Smart thinking: a glimpse into the future of Europe’s cities

Business Planet travels to Amsterdam to learn why the city is adopting AI and other linked technology to improve operations and make life more livable. Popularity can sometimes cause issues. Before the pandemic, Amsterdam was a popular tourist destination. Approximately 20 million people visited the Dutch capital in 2019.

While the number of people has decreased dramatically since then due to the pandemic’s travel limitations, concerns about social isolation and a desire to better manage hotspots in the future have prompted the city to begin testing crowd monitoring equipment.

Thomas Van Arman, the founder and director of TAPP, an Amsterdam-based firm dedicated to smart city design, was hired to develop the technology for the Public Eye project. “In the last ten years, I’ve been involved in a number of projects for the city…and in this case, we were supposed to address traffic congestion. “Here in Amsterdam, it’s becoming increasingly popular and busy,” Arman explains.

Crowd size, density, and direction are captured using cameras and an AI system. The heat map displays the encrypted data, which cannot be reverse engineered. The technology is being tested at two locations: the Johan Cruyff Arena and the Marineterrein, a popular outdoor bathing area near the city center.

Swimmers who do not want to be videotaped can click a button in the Marineterrein to trigger a shutter that closes the camera for 15 minutes. A smartphone app, as well as on-site screens, have been designed to keep visitors informed about how busy the locations are. Officials say it’s a clever approach that protects people’s privacy as well as their safety.

“It definitely helps us as a city to know where the crowds are,” says Rachel Tienkamp of the Amsterdam Municipality, adding, “When it gets busy and specifically which spot, that allows us to know what action we need to take, such as redirecting people.” As a result, the data assists us in deciding what to do.”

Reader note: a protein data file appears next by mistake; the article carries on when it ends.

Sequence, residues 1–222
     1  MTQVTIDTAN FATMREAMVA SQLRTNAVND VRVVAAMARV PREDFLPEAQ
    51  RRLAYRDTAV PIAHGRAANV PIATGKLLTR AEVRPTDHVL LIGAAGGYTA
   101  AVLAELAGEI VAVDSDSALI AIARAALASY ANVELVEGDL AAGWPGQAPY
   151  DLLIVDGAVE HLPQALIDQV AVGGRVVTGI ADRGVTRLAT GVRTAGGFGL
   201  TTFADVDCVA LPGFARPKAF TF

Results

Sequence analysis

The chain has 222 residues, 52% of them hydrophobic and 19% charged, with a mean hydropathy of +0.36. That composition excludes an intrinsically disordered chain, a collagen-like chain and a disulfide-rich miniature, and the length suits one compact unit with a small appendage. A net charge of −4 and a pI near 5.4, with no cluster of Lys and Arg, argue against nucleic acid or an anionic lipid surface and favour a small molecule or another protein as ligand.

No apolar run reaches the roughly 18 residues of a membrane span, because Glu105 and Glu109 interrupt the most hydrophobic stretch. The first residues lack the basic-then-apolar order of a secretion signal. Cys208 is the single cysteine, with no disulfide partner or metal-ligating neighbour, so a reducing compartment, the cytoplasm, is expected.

In the Dutch capital, the system is just one of several smart solutions being developed or implemented. It is for this reason that Amsterdam has been designated as a mentor city for the EU’s Intelligent Cities Challenge. The COSME-funded effort intends to speed up Europe’s green and digital transformation by enhancing collaboration, idea sharing, and best practice in urban design among European towns.

“The goal of the intelligent cities challenge is to help 136 cities become more functional, attractive, and competitive by utilizing modern technologies. It’s all about learning from one another, sharing solutions, and avoiding the need to continually spinning the wheel in order to implement solutions that already exist “Cornelia Dinca of Amsterdam Smart City adds.

“Amsterdam is a historic city, but technology pervades the city. We’re experimenting with autonomous boats and drones, for example, and ultimately, what matters to us is that we use technology in an ethically acceptable manner that safeguards people’s privacy and autonomy,” she says.

Climate change, as well as the current epidemic, are causing us to reconsider our connection with cities.
With two-thirds of the world’s population predicted to live in cities by 2050, developers anticipate a significant increase in demand for smart solutions. Van Arman is adamant that there are numerous possibilities.

“Those problems are getting more serious, and if you’re a business developer, designer, or programmer, you can recognize them and help the city solve them by developing a better socially, environmentally, and economically sustainable solution to help solve them.”

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